Hackers attacked a number of popular crypto YouTuber accounts at some point during Sunday afternoon. The accounts posted unauthorized videos with text directing viewers to send money to the hacker's wallet.
Accounts that appear to have been targeted by the attack include BitBoy Crypto, Altcoin Buzz, Box Mining, Floyd Mayweather, Ivan on Tech and The Moon, among others.
The Binance Smart Chain wallet address that was listed on the fraudulent videos only had a total of nine transactions in BNB, with a total value of around $850, at the time of writing.
Michael Gu told Cointelegraph that his YouTube channel Boxmining posted a video without his permission. “Luckily, we caught it within two mins of the video going live and managed to delete it,” he said. “By that time, there were already views and comments from my community.”
He added that he had done an internal sweep and found no viruses or bugs that may have given the hackers access to his account. “Seems like YouTube might be responsible,” he said.
One Reddit post by user “9Oh8m8” suggested that it appears as though the hackers were able to gain access to the accounts using a SIM swap scam, which would have enabled them to bypass two-factor authentication (2FA). They added:
“They are all posting with a title like "ONE WORLD CRYPTOCURRENCY." They have an address in vid and description to send your USDT/USDC/BNB/ETH to receive a new crypto called OWCY.”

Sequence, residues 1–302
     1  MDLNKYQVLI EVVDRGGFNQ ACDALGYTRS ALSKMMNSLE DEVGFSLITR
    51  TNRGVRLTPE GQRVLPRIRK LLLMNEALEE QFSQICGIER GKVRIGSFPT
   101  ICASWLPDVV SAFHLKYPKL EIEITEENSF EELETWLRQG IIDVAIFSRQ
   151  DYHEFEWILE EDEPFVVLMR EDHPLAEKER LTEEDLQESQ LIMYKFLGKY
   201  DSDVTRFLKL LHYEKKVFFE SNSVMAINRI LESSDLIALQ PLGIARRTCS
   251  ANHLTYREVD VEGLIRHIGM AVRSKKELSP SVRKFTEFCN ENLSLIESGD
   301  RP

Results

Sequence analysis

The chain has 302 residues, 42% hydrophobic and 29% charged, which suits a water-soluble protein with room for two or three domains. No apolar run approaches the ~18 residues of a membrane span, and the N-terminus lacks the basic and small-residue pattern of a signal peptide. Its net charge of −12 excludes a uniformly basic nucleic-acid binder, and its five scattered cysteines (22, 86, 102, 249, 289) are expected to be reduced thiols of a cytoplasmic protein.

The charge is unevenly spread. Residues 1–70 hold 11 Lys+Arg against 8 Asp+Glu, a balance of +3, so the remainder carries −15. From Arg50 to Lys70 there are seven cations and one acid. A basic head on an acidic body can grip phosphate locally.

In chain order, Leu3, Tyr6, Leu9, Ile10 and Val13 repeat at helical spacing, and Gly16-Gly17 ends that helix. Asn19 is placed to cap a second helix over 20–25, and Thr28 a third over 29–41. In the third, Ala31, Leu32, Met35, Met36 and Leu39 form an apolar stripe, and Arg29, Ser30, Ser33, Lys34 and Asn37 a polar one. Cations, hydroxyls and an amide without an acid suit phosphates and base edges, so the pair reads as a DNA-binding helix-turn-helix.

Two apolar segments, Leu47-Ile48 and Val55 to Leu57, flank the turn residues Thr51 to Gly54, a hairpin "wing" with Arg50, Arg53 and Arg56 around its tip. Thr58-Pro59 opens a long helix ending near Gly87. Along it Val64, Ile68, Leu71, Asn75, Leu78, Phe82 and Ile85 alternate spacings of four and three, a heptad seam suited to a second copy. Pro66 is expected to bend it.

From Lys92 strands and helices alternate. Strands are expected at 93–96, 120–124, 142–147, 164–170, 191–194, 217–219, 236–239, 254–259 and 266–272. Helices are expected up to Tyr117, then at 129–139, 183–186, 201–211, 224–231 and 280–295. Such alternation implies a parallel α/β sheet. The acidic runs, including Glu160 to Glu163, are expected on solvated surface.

However, Gu wasn’t convinced that the hack was a result of a SIM swap, telling Cointelegraph that there were no logins on his personal Google account. “If it was a SIM swap, I would lose access to my phone, etc., and that didn’t happen,” he said.
“What we noticed was on the BRAND account (which doesn’t have a login. YouTube brand accounts are connected to personal) there was a login from the Philippines. Very likely, this is either a hack on YouTube side or a rogue employee. That’s how they got so many people at the same time.”
Founder and CEO of the Altcoin Buzz YouTube channel Shash Gupta added that they noticed something was amiss at around 1:00 am Singapore time (5:00 pm UTC)on Sunday night when an unauthorized video was posted to their channel.
“It’s pretty unclear what happened. I’m talking to Youtube to get to understand the matter and avoid such further breaches.”
Another crypto YouTuber, Richard Heart, tweeted at 9:30 pm UTC that his channel had been banned during the middle of a Livestream, indicating that YouTube was probably aware of the event.
Cointelegraph reached out to YouTube and a number of other crypto content creators who were affected by the hack but had not received any additional information at the time of writing.